The following is a description of the operation of the pulse motors PM1 and PM2. As shown in FIG. 10, the pulse motor PM1 is adapted to be driven by one pulse when the pulse motor PM2 is driven by the N number of pulses. However, the pulse motors PM1 and PM2 are not continuously driven, but pulse motors of the highest follow-up pulse speed (for example, about 16000 pulses/sec.) are used herein and feeding pitches of the sensitive film and subject driving screws are reduced to a small value, thereby providing the effect of synchronous scanning which is obtained in the case of continuous driving.

The description set forth hereinabove is directed to the embodiment in which the lens L and slit S are fixed and subject M and the sensitive film F are movable, however it will be of course the possible to arrange the device according to the present invention so that the subject M is fixed while the lens L with the slit S and the sensitive film F are movable, or so that the sensitive film F is fixed while the subject M and lens L with the slit S are movable.

The following description set forth hereinbelow is directed to another embodiment in accordance with the present invention with reference to FIGS. 11 to 15. In the moving device shown in FIG. 11, rotation of motor 11 such as an induction motor, hydraulic motor or an air motor, is transmitted to a transverse driving screw 13 through a first rotation reversing mechanism 12. Further, and a transverse feed receiving plate 15 is fixed to a feed nut 14 which is threadedly mounted to the driving screw 13. The driving screw 13 is provided at both ends thereof with limit switches 16a and 16b. The driving screw 13 is connected to a vertical shaft 18 through bevel gear 17 which is disposed at the tip of the driving screw 13. The vertical shaft 18 is connected to a second rotation reversing mechanism 20 through the bevel gear 19 which is disposed at the lower portion of the vertical shaft 18, and the second rotation reversing mechanism 20 is connected to an intermittent transmission cam mechanism 21. As shown in FIG. 12, an input shaft 21a of the cam mechanism 21 is communicated to a pinion 21C through a reduction mechanism 21b, and rotation of the pinion 21c is transmitted to an intermittently rotating gear wheel 21d. Thus, rotation of the continuously rotating input shaft 21a may provide the necessary intermittent rotation of a longitudinal output shaft 21e which is fixed to the gear wheel 21d. Rotation of the output shaft 21e is then transmitted to a transverse connecting shaft 23 through the bevel gears 22 disposed at the tip of the output shaft 21e, and is further transmitted to a longitudinal driving screw 25 through the bevel gears 24 disposed on the connecting shaft 23. A longitudinal feed receiving plate 27 is fixed to a feed nut 26 which is threadedly mounted to the driving screw 25, and a subject is adapted to be placed on the longitudinal feed receiving plate 27.

Operation of the moving device shown in FIG. 11 will hereinafter be described with reference to FIG. 14.

When a feed nut 14 is positioned at the right side of the transverse driving screw 13 as shown in FIG. 14, namely, at the starting position Ps in FIG. 13, rotation of the motor 11 imparts clockwise rotation to the driving screw 13 through the first rotation reversing mechanism 12 being in the forward rotating status, so that the feed nut 14 is moved to the left, thus moving travelling to the left the subject M which has been placed on the longitudinal feed receiving plate 27 positioned on the transverse feed receiving plate 15 as shown in FIG. 14. At this time, within the cam mechanism 21 the pinion 21c is not engaged with the gear wheel 21d and subsequently the output shaft 21e is not rotated, thus no rotation is imparted to the longitudinal driving screw 25, so that subject M is not moved in the longitudinal direction.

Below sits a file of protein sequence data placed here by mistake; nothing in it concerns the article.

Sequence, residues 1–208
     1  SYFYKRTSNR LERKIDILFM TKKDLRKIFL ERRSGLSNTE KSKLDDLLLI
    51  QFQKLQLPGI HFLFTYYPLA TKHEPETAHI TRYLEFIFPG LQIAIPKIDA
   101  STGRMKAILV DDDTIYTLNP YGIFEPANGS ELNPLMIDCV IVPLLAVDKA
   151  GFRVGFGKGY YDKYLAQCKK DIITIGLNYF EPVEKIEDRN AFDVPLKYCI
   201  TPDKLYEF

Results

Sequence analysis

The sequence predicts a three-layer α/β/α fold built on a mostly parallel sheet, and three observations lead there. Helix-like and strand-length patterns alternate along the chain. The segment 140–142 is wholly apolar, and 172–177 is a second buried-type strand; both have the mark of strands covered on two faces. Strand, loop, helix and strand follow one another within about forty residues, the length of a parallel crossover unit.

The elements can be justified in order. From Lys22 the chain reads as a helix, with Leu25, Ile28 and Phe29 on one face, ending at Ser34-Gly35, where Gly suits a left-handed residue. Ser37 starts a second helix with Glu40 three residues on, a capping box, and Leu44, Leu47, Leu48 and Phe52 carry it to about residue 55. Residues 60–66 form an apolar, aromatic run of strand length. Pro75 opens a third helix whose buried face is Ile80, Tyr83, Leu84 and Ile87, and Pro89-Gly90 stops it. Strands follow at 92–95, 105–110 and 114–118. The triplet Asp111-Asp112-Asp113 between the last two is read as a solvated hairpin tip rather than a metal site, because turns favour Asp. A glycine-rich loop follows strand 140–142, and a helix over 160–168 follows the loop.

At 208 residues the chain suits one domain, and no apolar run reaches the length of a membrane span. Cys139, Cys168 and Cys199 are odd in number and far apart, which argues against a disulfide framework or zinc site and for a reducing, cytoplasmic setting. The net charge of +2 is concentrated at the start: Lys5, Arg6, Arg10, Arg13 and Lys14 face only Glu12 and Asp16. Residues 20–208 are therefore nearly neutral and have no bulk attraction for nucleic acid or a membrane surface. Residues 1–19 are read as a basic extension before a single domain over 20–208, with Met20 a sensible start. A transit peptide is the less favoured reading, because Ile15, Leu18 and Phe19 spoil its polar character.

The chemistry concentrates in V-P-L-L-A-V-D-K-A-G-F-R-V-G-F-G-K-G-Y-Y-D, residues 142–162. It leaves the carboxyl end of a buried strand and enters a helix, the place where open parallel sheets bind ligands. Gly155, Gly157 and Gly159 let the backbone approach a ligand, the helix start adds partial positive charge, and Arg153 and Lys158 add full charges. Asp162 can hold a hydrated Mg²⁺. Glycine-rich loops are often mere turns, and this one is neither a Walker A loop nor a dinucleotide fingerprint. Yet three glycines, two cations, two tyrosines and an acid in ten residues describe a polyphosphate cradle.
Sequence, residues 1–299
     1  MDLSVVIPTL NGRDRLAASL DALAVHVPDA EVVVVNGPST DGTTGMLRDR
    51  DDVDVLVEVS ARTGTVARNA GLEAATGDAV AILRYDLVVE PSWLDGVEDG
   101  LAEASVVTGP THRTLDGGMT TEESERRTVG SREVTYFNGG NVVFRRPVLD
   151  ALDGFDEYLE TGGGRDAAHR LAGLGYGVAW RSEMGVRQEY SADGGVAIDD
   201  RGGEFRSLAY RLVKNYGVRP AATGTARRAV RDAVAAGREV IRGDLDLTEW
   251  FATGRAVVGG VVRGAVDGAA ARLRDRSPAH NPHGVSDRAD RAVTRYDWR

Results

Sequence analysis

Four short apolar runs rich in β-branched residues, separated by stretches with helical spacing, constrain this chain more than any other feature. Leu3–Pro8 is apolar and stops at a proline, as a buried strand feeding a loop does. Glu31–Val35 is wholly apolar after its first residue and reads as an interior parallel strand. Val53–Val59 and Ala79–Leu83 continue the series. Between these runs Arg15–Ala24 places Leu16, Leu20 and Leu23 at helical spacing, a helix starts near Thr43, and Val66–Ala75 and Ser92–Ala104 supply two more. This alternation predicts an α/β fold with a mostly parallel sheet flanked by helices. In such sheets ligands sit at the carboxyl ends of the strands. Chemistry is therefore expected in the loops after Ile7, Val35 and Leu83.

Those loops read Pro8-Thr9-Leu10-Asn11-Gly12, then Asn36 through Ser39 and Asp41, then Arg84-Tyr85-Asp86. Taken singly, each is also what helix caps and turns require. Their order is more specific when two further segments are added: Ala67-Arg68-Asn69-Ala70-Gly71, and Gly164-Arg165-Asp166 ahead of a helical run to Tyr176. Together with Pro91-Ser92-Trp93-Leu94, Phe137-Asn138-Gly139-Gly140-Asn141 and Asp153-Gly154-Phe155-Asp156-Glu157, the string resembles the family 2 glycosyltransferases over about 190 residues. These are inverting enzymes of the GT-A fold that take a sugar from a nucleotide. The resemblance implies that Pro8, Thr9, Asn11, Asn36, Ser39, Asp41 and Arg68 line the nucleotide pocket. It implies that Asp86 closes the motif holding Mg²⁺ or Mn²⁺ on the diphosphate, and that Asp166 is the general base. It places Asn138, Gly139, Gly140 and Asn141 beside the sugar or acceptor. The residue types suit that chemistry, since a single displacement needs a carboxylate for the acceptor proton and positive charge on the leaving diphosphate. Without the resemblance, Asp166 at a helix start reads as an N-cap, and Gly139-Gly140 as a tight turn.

When the feed nut 14 contacts the left-side limit switch 16a, the first rotation reversing mechanism 12 is switched to a reverse rotation mode and the second rotation reversing mechanism 20 is also switched to a reverse rotation mode from a forward rotation mode. The transverse driving screw 13 is then reversely rotated, thus moving the transverse feed nut 14 to the right, and the input shaft 21a in the cam mechanism 21 continues rotating in the same direction, at that time the pinion 21c slightly engages the gear wheel 21d. This engagement causes the output shaft 21e to slightly rotate, thus imparting rotation to the longitudinal driving screw 25. The longitudinal feed receiving plate 27 is then moved in the longitudinal direction, so that the subject M is moved obliquely in the direction of arrow Pa in FIG. 13.

Thereafter, within the cam mechanism 21 the pinion 21c disengages the gear wheel 21d, and, upon completion of the longitudinal feed of subject M, subject M is moved transversely in the direction of arrow Pb in FIG. 13.

When the feed nut 14 then contacts the right-side limit switch 16b, the first and second rotation reversing mechanisms 12 and 20 are switched to a forward rotation mode, and, upon completion of longitudinal feed, the subject M is then moved to the left. Such operation will then be repeated thereafter, thus scanning the subject M wholly.

Operation of the sensitive film moving device will hereinafter be described.